Now that toy companies have issued recalls for millions of Chinese-made toys that are either tainted with lead or otherwise hazardous to children, they are scrambling to figure out what to do with them.
Mattel Inc., which on Tuesday recalled about 19 million toys worldwide, said it was working on a “responsible approach” but could not provide details.
Amid the lack of clarity, many parents are confused about how to dispose of the toys. That may mean many of them will end up in the trash and eventually in landfills, where they could possibly leach toxins into the groundwater.
All parents know at this point is that they need to get them out of their kids’ toy chests.
In Nashville, Tenn., Courtney Wilson discovered she had some recalled Polly Pocket dolls with magnets from Mattel, and she’s decided to throw them out. Meanwhile, another parent Jennifer Mulligan of Franklin, Tenn., is making a different choice: she plans to take the recalled dolls back to the store.
Mulligan said that her 6-year-old daughter “probably has about every Polly Pockets ever made.”
She added: “If we did have an affected toy, I’d see it as lesson for her. ... If there was something wrong with the toy, it’s up to the store to replace it with another toy.”
The Mattel recall is the latest in a slew of recalls involving more than 10 million toys since June in the U.S. alone.
The most alarming has been the recall of toys covered with lead-based paint. Children who ingest lead-laced paint can suffer brain damage, and improper disposal of lead-based paint can damage the environment.
Mattel’s recalls cover several hundred thousand “Sarge” vehicles and almost a million toys from its Fisher-Price line, including the Sesame Street and Nickelodeon characters.
Its recalls follow the recall of 1.5 million items from RC2 Corp.’s Thomas & Friends Wooden Railway toy line, announced in June.
Many retailers like Wal-Mart Stores Inc. are offering the option of returning the recalled toys to stores where they are sent back to the makers, but they prefer shoppers sending them back to manufacturers in packaging that the maker provides in exchange for a refund.
“Certainly, there is a significant expense to manage a recall,” said Eric Johnson, professor of Tuck School of Business at Dartmouth College. “This is a big headache.”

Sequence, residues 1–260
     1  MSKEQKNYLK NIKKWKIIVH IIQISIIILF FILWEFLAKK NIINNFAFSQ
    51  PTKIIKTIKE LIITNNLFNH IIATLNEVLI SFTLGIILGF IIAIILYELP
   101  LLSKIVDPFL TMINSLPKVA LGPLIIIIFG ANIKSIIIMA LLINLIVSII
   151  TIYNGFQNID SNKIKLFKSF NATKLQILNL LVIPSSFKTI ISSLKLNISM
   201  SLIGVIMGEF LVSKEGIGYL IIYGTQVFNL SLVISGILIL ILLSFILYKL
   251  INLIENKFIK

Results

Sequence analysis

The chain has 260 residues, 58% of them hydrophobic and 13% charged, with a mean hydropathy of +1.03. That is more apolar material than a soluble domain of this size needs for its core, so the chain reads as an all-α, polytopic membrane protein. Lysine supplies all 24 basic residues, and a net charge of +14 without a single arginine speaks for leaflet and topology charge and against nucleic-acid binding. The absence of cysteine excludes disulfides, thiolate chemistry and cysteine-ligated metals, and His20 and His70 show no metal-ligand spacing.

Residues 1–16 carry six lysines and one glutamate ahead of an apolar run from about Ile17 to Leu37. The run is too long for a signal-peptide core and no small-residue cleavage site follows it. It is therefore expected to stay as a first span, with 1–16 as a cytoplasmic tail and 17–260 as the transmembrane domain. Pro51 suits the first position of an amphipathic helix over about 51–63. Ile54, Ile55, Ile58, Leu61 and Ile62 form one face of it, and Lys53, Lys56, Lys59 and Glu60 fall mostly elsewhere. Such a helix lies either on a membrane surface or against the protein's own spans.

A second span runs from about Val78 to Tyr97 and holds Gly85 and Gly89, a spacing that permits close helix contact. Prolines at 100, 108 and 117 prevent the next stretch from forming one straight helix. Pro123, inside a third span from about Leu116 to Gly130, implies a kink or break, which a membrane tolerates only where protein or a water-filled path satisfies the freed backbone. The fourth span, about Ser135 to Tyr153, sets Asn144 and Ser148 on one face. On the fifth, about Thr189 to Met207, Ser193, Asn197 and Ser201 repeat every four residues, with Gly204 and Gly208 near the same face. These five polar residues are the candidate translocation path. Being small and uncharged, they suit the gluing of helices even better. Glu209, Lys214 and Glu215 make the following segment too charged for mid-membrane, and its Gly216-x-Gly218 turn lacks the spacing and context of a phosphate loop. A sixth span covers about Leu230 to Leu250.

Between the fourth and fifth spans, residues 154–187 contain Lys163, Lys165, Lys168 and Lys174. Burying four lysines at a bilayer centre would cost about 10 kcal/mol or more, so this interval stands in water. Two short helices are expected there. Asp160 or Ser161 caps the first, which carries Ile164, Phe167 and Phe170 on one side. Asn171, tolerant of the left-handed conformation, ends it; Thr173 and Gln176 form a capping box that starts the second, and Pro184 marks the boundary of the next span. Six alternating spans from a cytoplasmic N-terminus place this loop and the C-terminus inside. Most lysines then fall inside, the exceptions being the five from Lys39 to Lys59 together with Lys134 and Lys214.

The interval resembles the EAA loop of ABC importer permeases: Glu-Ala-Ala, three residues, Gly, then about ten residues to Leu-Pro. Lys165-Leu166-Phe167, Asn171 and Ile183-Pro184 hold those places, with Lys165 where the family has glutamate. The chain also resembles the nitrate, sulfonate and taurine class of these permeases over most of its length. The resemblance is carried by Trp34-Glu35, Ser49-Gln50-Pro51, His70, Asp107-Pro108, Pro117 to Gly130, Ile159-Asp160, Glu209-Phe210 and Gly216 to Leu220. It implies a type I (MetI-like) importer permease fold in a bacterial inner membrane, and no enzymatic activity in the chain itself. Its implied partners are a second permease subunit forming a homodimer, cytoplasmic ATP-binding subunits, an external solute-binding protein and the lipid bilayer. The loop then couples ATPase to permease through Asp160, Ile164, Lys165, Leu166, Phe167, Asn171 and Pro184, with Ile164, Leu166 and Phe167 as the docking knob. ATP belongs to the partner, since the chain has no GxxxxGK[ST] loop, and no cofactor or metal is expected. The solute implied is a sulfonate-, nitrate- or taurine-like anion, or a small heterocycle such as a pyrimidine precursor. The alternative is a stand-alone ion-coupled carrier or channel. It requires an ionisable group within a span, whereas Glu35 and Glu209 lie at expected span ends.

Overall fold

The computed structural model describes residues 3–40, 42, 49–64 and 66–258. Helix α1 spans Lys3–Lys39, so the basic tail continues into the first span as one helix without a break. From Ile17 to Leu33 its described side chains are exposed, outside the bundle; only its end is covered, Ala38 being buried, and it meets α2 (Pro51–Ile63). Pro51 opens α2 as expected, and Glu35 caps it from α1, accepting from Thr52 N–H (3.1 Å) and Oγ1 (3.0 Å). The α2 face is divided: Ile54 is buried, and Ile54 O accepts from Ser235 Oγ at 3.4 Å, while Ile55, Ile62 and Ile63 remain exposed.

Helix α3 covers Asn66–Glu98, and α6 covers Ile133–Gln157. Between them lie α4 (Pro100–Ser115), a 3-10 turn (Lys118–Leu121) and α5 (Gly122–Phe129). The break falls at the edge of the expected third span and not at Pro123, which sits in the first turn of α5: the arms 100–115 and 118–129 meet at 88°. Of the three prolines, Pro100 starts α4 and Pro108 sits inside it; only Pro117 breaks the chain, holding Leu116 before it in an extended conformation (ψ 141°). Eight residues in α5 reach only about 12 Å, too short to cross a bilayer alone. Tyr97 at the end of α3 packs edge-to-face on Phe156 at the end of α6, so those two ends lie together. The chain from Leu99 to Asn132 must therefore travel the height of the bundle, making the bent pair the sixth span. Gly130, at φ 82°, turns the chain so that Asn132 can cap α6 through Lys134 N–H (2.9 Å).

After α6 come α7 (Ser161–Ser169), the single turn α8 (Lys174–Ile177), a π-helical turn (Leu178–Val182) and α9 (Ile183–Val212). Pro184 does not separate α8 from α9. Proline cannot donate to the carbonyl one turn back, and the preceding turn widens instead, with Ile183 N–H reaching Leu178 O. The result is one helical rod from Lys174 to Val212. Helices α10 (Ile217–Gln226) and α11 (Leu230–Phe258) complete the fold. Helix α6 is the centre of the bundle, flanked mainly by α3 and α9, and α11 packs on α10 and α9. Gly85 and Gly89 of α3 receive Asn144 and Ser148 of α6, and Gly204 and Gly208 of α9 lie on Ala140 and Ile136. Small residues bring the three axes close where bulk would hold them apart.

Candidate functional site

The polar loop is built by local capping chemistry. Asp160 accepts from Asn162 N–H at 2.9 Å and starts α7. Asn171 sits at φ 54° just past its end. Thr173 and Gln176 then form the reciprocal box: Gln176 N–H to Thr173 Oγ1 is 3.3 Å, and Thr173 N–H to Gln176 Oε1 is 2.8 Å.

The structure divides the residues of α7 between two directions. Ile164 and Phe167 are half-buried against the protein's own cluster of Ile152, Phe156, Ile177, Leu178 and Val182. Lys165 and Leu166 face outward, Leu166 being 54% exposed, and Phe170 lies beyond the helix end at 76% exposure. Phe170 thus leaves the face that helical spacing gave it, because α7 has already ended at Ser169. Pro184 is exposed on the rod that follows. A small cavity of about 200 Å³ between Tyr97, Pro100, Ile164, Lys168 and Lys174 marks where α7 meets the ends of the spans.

Lead-painted toys fall under the category of products that would need to be destroyed or properly disposed of, according to the Consumer Product Safety Commission in Washington, D.C.
But plenty of other toys — like the millions of toys including Batman and Polly Pockets recalled this week by Mattel because of hazardous magnets — don’t necessarily have to be destroyed.
Still, they could present future legal risks if they pop up in a Salvation Army store or other resale site. The magnetic toys were recalled because their small, powerful magnets could harm children if they’re swallowed.
Scott Wolfson, a spokesman at the CPSC, said that a recalled product like a lead-laced toy cannot be exported for resale.
Disposal sometimes is determined as part of a company’s recall negotiations with the agency, but ultimately must be in accordance with state and federal environmental laws, he said.
Wolfson said he could not discuss whether the agency entered into any specific arrangements with Mattel on how it should handle its inventory of recalled products.
For toys that don’t pose an environmental hazard, such as the recalled magnetic toys, a manufacturer has more leeway. A company may even seek to ship the items for sale abroad.
“Some companies do request to re-export their products to another country,” Wolfson said.
In such cases, the manufacturers are required to tell the CPSC, which alerts the country where the product is slated to go and gives them the opportunity to deny entry.
Some consumer watchdogs believe that many parents may find returning a toy and waiting for a voucher a cumbersome process and opt instead to simply throw out the dangerous toys.
Perry Gottesfeld, executive director of Occupational Knowledge International, a San Francisco-based nonprofit group that tracks environmental health issues, worried that “ultimately, this problem is also creating a landfill problem because most of these products are not likely to be captured by manufacturers,” Gottesfeld said.
Manufacturers appear to be challenged by how they’re going to handle such a massive recall.
Asked what the company plans to do with the recalled toys, Jules Andres, a Mattel spokeswoman, said it was working on a “responsible approach,” but could not provide further details.
Wayne Charness, a spokesman at Hasbro, which recalled faulty Easy Bake ovens this year from China, made it clear that he wants customers to bring the defective products back so they can crush them.
He declined to comment on how many have been returned so far.
Nancy Davies, a spokeswoman for RC2, said that since Aug.8, RC2 has recovered 56 percent of the toys included in its June 13 recall. The company recalled 1.5 million toys in North America.
“We are still working with the CPSC to determine the best method of disposal for the recalled products,” she said. “Once that is determined, the company will dispose of the potentially unsafe toys.”